General Matthew B. Ridgway

The power of mission command is that it enables military units to adapt quicker and act more boldly than organizations in which subordinates are afraid to make decisions on their own. One example of this comes from the Korean War. When General Matthew Ridgway assumed command of the 8th United States Army, following the death of General Walton Walker, General Douglas MacArthur told Ridgway that “[You should] do what you think best…the Eighth Army is yours.” Ridgway later commented, “[T]hat is the sort of order that puts heart into a soldier.” Ridgway would go on to fight the North Koreans and Chinese ardently and ingeniously until the 1953 armistice at the 38th parallel. Mission command enables leaders, like Ridgway, to be audacious and successful just as much as it risks failures like Custer’s. It allows people the latitude to come upon opportunities and seize them.


For superiors, mission command is about accepting a certain loss of control. Indeed, by necessity the philosophy embraces a measure of seeming disorganization. Once, the author of this article observed a cavalry squadron’s training mission against a simulated chemical bunker in Korea. In preparation for the event, one troop commander carefully rehearsed his operation, including a 3-D digital walk through of the facility with his squadron commander present. The troop commander’s rehearsed plan was to enter the U-shaped bunker from the right—but upon arriving on the objective late on the night of the attack, the plan no longer made sense. On the fly, he decided to enter from the left. Obviously, going left instead of right was a small deviation from what he had briefed to his boss, but from the outside his actions might have looked like bedlam. That subordinate commander went about solving his problem differently than he had briefed and perhaps even differently than his commander would have. Extemporaneous decision making like that can insert a degree of unease into the execution of a plan, particularly for those superiors who do not feel comfortable with improvisation.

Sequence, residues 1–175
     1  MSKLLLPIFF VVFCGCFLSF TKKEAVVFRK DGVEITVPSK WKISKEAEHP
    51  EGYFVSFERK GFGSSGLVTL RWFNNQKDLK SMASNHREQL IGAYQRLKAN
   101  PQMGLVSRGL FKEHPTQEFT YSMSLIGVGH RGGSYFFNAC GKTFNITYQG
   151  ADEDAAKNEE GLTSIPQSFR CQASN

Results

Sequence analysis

Supervisors may genuinely feel nervous about how their subordinates are going to perform when they are left to themselves, and not without good reason. Superiors practicing mission command allow their subordinates considerable leeway. For relationships where trust has not yet developed, or when supervisors require direct control to feel safe, there can be serious discomfort with mission command’s seemingly laissez-faire processes.

Yet, the lessening of control is an essential element of mission command and of the creative problem solving process itself. On another occasion, the author observed several staff officers preparing a presentation for their commanding general’s training brief to his higher command. In a brainstorming session, the general presented his message to the staff. His verbal message was masterfully articulated; however, he wanted a slide to support his point and was not sure what he wanted it to look like. So, three operations officers from his staff broke apart and created three entirely different slides. When the officers submitted their products to the general, he was pleased with the variety his staff afforded him and even more pleased that one of slides met his needs.

Neither the general nor the officers’ direct supervisor had any direct input on the creative process, yet their team still came up with a winning solution. The trust the leadership placed in their subordinates to enter into the “chaos” of unsupervised creativity allowed the general to deliver his message to his commander in the desired way.